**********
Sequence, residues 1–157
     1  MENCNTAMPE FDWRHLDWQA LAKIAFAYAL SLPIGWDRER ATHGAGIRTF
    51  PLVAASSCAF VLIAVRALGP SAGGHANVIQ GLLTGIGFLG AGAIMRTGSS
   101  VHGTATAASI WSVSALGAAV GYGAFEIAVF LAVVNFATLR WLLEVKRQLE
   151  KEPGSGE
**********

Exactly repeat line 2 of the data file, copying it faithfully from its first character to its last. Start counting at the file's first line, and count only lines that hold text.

     1  MENCNTAMPE FDWRHLDWQA LAKIAFAYAL SLPIGWDRER ATHGAGIRTF